Once you have an idea of how much you can borrow, you'll need to think about your repayment term. To some extent this will, of course, depend on the term length that the lending institution is prepared to grant, but you should also think about how your own situation might influence matters. For instance, if you are nearing retirement age, you might prefer to pay off the mortgage over a shorter period of time to avoid having to make repayments out of a pension. Repaying a mortgage over a shorter period means higher payments in the short term but costs less in the longer term. Most mortgages are repayable over 25 years, but just as it is possible to take out a mortgage for a shorter period of time, it is also possible to take one out over a longer period - although you will pay more in interest.
Interest-only or repayment?
Nowadays, most mortgages are repayment mortgages, which means you repay a portion of the capital borrowed alongside the interest. With an interest-only mortgage, you repay only the interest and consequently need an alternative investment vehicle to repay the capital at the end of the mortgage term. Endowment policies are the traditional vehicle for repaying an interest-only mortgage but, if you're considering this as an option, make sure you take specialist advice.
What if you're disabled?
You may be wondering whether being in receipt of disability benefits will preclude you from obtaining a mortgage. The short answer is "no" but, for more detailed information and support, Housing Options Scotland is an excellent source of disability housing advice. It may also be able to assist you to put together a budget that lists your income and expenditure, and demonstrates how you could accommodate paying off a mortgage. You should also remember to factor in the possibility that you will need to pay for adaptations to the property, such as widening doorways, installing a suitable bathroom or adding handrails. Some adaptations may require planning permission.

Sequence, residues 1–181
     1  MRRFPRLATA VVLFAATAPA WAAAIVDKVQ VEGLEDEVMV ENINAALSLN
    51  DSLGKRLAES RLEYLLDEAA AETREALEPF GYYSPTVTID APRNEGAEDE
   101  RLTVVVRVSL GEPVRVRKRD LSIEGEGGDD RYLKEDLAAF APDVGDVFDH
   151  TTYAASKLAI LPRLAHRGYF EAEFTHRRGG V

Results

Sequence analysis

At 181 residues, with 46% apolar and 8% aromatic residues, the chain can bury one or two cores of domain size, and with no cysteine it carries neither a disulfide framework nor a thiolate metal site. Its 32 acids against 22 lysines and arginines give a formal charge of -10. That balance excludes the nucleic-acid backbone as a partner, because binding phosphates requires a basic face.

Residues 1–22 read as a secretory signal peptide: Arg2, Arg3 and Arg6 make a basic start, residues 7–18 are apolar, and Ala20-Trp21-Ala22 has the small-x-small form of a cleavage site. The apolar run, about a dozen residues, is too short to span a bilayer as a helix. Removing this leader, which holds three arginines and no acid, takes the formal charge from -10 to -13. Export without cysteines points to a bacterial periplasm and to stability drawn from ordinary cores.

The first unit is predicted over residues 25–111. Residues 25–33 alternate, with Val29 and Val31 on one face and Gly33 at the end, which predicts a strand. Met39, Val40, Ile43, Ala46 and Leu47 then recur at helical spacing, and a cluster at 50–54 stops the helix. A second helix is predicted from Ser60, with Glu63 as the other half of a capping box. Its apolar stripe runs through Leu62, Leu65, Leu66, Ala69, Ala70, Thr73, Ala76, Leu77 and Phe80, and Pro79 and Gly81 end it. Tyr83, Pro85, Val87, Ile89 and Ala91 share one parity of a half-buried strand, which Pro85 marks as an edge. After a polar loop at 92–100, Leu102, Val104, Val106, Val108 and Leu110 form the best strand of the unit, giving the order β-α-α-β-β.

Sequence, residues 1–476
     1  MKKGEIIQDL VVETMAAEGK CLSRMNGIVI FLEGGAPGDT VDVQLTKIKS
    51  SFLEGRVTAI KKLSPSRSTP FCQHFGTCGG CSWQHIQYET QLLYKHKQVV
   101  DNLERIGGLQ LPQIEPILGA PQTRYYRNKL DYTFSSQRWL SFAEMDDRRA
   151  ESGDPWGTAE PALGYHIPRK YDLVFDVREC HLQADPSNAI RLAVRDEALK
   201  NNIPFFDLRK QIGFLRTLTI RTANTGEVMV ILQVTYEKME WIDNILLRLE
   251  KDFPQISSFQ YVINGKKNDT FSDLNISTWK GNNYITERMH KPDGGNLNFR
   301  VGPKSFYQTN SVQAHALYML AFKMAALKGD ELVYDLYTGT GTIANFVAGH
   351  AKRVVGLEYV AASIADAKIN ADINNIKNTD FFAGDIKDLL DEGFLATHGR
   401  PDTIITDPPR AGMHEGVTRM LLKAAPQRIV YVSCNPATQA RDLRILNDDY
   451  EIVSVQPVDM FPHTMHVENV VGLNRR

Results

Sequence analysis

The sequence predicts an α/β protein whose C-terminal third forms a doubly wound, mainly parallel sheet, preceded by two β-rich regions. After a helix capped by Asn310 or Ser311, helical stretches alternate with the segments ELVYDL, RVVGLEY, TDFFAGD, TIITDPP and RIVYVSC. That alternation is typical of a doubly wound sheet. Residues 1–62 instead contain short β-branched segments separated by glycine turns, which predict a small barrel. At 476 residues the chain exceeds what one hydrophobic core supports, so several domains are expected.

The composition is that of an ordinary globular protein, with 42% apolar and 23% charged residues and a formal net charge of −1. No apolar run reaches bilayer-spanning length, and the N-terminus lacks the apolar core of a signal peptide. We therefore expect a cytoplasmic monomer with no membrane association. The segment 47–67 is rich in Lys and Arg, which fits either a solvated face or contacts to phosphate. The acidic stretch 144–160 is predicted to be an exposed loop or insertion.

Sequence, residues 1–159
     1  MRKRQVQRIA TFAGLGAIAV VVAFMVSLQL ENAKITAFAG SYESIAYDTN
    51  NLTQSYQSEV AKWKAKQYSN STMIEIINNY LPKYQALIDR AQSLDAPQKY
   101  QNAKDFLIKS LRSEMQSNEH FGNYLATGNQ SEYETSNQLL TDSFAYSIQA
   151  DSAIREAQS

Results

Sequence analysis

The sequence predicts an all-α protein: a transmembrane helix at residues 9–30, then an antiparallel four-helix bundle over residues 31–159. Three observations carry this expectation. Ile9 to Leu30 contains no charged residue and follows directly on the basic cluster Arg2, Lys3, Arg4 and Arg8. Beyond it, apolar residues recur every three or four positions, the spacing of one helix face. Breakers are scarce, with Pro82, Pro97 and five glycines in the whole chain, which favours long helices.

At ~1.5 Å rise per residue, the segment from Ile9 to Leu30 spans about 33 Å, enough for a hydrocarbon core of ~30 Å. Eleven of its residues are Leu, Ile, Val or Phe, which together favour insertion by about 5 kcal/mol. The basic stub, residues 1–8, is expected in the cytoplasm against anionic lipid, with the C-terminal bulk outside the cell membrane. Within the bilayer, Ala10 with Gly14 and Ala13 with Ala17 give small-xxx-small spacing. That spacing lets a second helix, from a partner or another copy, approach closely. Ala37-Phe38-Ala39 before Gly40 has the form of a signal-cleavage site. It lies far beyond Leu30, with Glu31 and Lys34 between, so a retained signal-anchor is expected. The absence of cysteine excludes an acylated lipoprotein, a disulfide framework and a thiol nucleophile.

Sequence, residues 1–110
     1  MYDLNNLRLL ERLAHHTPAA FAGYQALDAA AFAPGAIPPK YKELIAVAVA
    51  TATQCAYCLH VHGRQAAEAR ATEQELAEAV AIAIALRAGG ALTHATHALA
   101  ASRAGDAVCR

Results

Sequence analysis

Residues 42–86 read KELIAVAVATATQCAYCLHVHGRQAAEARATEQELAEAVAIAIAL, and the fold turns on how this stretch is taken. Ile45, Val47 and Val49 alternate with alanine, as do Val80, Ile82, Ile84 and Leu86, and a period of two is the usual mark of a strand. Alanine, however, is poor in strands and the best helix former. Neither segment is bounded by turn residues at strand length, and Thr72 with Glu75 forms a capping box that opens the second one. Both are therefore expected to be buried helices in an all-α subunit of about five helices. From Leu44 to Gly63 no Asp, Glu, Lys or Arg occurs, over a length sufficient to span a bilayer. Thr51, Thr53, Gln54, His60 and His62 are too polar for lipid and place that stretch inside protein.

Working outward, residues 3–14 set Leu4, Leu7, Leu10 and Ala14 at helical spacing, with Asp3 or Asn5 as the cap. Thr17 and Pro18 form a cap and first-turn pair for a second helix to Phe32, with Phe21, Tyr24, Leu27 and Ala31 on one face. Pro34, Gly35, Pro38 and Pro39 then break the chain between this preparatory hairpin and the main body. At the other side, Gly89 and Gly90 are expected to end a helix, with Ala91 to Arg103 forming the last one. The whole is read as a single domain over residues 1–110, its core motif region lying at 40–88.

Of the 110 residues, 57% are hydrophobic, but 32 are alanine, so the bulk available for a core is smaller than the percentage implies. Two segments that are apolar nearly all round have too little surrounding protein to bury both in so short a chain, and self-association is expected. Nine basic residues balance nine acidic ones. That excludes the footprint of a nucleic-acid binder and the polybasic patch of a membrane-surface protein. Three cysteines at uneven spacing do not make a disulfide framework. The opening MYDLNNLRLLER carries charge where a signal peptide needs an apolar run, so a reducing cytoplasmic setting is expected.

New build properties can be a good option for anyone looking for a "barrier free" home. This is because new homes in Scotland are now supposed to be built in accordance with "accessible, barrier-free design standards". However, compliance with these standards appears to be patchy, with recent press reports suggesting that some new homes are not wide enough to accommodate a wheelchair or mobility chair user. Accordingly, whether or not you want a new build property, bear in mind that it may take you longer to find a suitable property, particularly if you need to live in a particular area, require a ground floor home or need accessible parking - although time, persistence and the services of a good estate agent should help you zero in on a suitable home. It may also be worth checking the properties listed on the Accessible Property website. Once you've identified a potentially suitable property online, the Home Report (a legal requirement for almost all sellers of Scottish homes) can be a useful source of further information, particularly the accessibility audit, which will include details such as the number of steps in the property, the width of the doorways and the position of bathrooms (ground floor, first floor, wet room etc.).